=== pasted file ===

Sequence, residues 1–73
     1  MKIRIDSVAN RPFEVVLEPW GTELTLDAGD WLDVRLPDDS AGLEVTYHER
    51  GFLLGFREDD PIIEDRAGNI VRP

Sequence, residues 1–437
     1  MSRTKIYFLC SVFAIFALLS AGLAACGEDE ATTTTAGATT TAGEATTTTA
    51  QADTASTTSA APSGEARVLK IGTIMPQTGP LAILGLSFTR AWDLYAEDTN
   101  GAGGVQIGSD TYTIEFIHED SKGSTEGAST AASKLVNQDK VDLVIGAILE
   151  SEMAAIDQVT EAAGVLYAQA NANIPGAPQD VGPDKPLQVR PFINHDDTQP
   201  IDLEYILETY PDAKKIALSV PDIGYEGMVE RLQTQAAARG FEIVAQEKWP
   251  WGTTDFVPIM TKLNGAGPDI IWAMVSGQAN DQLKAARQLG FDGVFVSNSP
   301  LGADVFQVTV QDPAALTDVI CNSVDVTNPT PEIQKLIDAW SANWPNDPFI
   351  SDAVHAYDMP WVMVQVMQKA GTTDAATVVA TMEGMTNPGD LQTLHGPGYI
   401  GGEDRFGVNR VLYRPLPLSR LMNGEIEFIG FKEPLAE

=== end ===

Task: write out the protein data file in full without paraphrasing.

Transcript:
Sequence, residues 1–73
     1  MKIRIDSVAN RPFEVVLEPW GTELTLDAGD WLDVRLPDDS AGLEVTYHER
    51  GFLLGFREDD PIIEDRAGNI VRP

Sequence, residues 1–437
     1  MSRTKIYFLC SVFAIFALLS AGLAACGEDE ATTTTAGATT TAGEATTTTA
    51  QADTASTTSA APSGEARVLK IGTIMPQTGP LAILGLSFTR AWDLYAEDTN
   101  GAGGVQIGSD TYTIEFIHED SKGSTEGAST AASKLVNQDK VDLVIGAILE
   151  SEMAAIDQVT EAAGVLYAQA NANIPGAPQD VGPDKPLQVR PFINHDDTQP
   201  IDLEYILETY PDAKKIALSV PDIGYEGMVE RLQTQAAARG FEIVAQEKWP
   251  WGTTDFVPIM TKLNGAGPDI IWAMVSGQAN DQLKAARQLG FDGVFVSNSP
   301  LGADVFQVTV QDPAALTDVI CNSVDVTNPT PEIQKLIDAW SANWPNDPFI
   351  SDAVHAYDMP WVMVQVMQKA GTTDAATVVA TMEGMTNPGD LQTLHGPGYI
   401  GGEDRFGVNR VLYRPLPLSR LMNGEIEFIG FKEPLAE